The extraordinary true story of Oliver Woodward. It's 1916 and Woodward must tear himself from his new young love to go to the mud and carnage of the Western Front. Deep beneath the German ... See full summary »
Steve Le Marquand
Two men in finance try to find themselves in the world after the collapse of the company they work for. Greg, a young man, should be at the beginning of his career, but suddenly he's at the... See full summary »
Scott Otto Anderson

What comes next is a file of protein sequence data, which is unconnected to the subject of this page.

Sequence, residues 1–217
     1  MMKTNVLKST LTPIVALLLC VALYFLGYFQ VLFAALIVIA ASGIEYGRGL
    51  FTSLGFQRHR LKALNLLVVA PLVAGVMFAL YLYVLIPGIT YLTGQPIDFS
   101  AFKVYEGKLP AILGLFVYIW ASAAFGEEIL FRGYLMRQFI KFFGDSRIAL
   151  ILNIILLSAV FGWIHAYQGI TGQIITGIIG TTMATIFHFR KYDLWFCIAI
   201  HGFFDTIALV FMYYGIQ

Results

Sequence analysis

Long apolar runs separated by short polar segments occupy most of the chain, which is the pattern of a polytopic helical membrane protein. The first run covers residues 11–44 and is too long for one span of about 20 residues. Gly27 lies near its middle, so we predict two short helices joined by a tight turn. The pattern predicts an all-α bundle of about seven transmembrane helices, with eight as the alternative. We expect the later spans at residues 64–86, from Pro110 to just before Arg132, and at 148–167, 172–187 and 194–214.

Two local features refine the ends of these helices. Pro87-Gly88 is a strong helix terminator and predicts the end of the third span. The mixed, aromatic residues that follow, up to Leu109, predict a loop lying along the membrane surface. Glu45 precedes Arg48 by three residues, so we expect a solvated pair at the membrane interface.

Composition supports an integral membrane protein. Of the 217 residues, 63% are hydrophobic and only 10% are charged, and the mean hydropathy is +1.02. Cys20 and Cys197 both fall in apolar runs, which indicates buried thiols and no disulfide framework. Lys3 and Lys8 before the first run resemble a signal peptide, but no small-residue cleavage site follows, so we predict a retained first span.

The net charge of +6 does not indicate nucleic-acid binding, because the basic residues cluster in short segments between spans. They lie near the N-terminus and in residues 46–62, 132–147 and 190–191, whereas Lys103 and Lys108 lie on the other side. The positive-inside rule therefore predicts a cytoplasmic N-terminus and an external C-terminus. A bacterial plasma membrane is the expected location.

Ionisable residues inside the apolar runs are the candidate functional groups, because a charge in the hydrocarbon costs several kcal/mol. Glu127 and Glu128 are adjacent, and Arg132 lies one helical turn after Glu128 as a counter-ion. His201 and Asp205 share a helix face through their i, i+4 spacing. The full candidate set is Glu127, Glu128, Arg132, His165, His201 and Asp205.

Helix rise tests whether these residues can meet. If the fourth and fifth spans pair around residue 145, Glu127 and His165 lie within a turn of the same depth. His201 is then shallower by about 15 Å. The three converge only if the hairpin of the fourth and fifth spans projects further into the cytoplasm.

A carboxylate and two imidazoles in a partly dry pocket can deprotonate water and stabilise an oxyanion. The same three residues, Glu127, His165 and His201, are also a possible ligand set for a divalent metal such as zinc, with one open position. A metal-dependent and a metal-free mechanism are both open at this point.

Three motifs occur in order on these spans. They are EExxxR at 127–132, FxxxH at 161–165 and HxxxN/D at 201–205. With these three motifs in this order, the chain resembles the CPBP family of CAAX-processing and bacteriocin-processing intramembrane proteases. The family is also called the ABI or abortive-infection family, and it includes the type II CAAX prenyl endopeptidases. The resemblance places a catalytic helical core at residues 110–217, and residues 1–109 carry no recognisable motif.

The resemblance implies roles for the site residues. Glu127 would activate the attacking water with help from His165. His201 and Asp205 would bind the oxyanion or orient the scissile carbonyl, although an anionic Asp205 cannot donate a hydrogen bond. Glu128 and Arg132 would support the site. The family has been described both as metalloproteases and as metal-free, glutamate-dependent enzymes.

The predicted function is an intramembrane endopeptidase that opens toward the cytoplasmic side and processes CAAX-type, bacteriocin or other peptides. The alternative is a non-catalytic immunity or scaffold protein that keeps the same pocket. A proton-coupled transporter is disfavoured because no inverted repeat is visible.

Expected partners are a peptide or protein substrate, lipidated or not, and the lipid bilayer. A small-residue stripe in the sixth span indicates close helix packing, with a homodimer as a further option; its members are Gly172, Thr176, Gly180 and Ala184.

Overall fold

Although different in it's premise, this quite interesting drama has it's best moments, seen in it's intense conflict with Langley, a writer for a comic, who suspects husband (Jarratt) of infidelity. Her younger sexier friend is Milliken who also works the store, must be the illustrator, though all we hear from her is constant talk, mostly throughout, and she's not afraid to be uninhibited either. And she just returned from holiday. Lucky us. She falls in love with stranger Roxburgh (wasted), who comes to the shop, to fix the tele, While also making money, flogging them (think of Jarratt in Australian Dream). Now in between, we see the girl's problems illustrated through animation, but more bizarre, we have fictional Asian characters, as the narrators. Different. But talk really lives up to it's title, nothing more. A cute independent film, with our sexy Milliken, brilliant as always, matched with Longley's strong performance. Is the much younger Mackenzie (also wasted) the apple of Jarratt's eye, or is Longley just taking her anger and frustration out on her. There are truly moments, where you will want the verbose Milliken, just to shut the f..k up. For Jarratt fans, the close you'll get to him in this, is a family photograph.
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